For the past few decades, the business press and management consultants have pushed for large organizations to flatten their structure. Recent research, however, may be taking some of the wind out of their sails. Flattening usually refers taking two actions to change organizational structure – removing layers of middle management while widening the span of control for the managers that are left. Proponents for flattening have pointed not just to the reduced costs from removing these layers; many also cite the benefits of pushing decisions downward and allowing for a quicker responsiveness and greater morale.
Julie Wolf, a professor of strategy at Harvard Business School, has recently finished an extensive study that argues that many companies that flatten their hierarchies aren’t collecting the promised benefits. In some cases, flattening is having the opposite effect. Wolf collected a data set from 300 large U.S. firms that spanned roughly 15 years. She examined job descriptions, reporting relationships, and compensation systems and then conducted exploratory interviews with senior level executives. She found that when most firms flatten their hierarchies, decision-making power moves upward instead of downward, away from the front-line employees who interact with customers. In addition, rather than decentralizing the structure of the organization, flattening usually results in a drastic centralization.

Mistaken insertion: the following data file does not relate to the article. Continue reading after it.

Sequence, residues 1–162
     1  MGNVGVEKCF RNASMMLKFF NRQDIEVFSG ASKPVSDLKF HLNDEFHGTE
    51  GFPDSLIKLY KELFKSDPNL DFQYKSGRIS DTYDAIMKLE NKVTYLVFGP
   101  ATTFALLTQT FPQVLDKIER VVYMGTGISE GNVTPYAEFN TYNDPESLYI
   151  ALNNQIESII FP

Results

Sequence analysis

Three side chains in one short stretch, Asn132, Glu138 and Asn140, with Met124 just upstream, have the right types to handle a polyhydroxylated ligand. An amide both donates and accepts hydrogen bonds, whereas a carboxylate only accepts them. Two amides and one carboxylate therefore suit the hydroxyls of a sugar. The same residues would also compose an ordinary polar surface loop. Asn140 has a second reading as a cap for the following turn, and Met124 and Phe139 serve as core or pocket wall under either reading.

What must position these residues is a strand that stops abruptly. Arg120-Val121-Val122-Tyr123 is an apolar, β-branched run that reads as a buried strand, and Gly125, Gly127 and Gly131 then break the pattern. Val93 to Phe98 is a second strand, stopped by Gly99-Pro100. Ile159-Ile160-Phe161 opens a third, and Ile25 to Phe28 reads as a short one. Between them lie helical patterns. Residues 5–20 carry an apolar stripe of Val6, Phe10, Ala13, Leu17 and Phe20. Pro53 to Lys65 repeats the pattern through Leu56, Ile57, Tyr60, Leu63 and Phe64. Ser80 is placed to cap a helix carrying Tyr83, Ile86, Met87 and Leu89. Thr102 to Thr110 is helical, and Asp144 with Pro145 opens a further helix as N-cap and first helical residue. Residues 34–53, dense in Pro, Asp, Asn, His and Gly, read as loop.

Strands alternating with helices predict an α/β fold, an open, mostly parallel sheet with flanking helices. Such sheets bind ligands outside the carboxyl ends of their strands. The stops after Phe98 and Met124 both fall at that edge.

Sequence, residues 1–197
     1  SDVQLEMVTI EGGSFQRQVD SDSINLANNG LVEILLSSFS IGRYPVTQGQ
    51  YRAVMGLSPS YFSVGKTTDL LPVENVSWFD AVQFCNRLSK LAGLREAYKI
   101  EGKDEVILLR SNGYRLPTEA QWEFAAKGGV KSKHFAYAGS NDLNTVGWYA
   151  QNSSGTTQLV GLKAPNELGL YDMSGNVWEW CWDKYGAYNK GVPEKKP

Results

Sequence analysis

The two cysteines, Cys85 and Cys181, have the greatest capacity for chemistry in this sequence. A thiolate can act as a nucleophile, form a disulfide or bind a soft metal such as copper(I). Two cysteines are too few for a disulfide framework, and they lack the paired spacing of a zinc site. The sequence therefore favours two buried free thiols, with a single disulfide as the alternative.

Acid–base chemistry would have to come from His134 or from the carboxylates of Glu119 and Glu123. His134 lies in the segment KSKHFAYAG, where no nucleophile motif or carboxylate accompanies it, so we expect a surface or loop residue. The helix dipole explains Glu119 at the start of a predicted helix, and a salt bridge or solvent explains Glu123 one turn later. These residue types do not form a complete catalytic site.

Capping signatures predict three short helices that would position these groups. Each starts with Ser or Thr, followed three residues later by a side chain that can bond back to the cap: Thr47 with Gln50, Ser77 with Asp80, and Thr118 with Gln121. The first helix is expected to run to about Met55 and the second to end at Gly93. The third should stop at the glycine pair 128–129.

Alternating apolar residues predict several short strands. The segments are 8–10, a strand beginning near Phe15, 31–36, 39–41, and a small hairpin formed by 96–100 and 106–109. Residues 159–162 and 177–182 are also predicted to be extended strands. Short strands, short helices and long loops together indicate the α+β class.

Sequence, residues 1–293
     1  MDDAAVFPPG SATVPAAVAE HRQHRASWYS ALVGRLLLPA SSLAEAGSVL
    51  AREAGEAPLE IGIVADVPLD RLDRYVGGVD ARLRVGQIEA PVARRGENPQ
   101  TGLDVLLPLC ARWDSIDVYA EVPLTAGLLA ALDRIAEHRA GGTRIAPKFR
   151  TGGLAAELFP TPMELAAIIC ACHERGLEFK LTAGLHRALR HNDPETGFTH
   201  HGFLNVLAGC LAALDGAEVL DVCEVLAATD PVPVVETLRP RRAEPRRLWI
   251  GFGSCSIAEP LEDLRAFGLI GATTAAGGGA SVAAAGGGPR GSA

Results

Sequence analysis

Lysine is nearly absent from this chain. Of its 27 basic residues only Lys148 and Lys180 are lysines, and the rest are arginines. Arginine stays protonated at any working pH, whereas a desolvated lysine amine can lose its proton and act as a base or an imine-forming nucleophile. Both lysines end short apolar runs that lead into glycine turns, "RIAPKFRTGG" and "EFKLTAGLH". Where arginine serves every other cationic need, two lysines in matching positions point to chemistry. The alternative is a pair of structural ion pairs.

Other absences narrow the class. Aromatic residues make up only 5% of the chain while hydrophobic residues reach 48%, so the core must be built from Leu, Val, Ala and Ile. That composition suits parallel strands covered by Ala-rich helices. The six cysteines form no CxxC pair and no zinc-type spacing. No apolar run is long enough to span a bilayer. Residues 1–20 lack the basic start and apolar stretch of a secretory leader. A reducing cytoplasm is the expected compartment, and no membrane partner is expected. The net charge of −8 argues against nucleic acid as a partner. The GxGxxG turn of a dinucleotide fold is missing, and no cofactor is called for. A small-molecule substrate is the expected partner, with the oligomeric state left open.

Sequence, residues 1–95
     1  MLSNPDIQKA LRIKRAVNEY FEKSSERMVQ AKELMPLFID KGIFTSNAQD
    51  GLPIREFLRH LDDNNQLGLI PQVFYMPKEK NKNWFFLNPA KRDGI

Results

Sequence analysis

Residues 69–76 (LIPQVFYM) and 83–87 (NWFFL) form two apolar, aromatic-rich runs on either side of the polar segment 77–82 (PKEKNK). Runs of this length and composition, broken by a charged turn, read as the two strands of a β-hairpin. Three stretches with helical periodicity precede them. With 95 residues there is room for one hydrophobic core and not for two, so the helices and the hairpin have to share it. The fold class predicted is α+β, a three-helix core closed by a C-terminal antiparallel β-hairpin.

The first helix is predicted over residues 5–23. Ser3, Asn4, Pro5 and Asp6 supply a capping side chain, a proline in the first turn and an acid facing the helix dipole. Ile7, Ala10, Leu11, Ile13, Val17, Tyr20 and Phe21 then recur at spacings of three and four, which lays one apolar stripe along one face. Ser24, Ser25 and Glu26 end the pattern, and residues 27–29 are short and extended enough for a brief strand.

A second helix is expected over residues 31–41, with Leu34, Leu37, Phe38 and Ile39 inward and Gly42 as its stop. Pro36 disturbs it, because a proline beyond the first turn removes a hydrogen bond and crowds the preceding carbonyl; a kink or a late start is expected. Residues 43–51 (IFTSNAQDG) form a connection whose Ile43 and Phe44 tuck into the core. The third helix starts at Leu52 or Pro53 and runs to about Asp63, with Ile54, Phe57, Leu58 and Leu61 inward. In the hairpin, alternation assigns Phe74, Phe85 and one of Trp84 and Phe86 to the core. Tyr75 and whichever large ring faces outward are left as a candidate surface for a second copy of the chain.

Wolf’s research implies that flattening alone is an insufficient strategy for reducing costs or decentralizing decision making. As friend and fellow business blogger Michael Roberto puts it, “Simply moving boxes and arrows on the organizational chart often does not lead to higher performance.” In addition to a change in organizational design, a change in organizational culture is necessary. Senior leadership needs to demonstrate its commitment to reduce the emphasis on hierarchical status and increase the emphasis on shared decision-making. Unless the culture is one that values and trusts its front-line employees, flattening the firm will simply result in power hoarding – pushing decision-making power upward, inward, and away from those with a specific knowledge about customers, markets and the like. Perhaps this is why the flattened firms the business press champion are also the ones that were flat from the beginning. Without a flat culture, a flattened firm will simply fall flat.
|David Burkus is the editor of LDRLB. He writes, speaks, and serves on the faculty of management at Oral Roberts University’s College of Business.|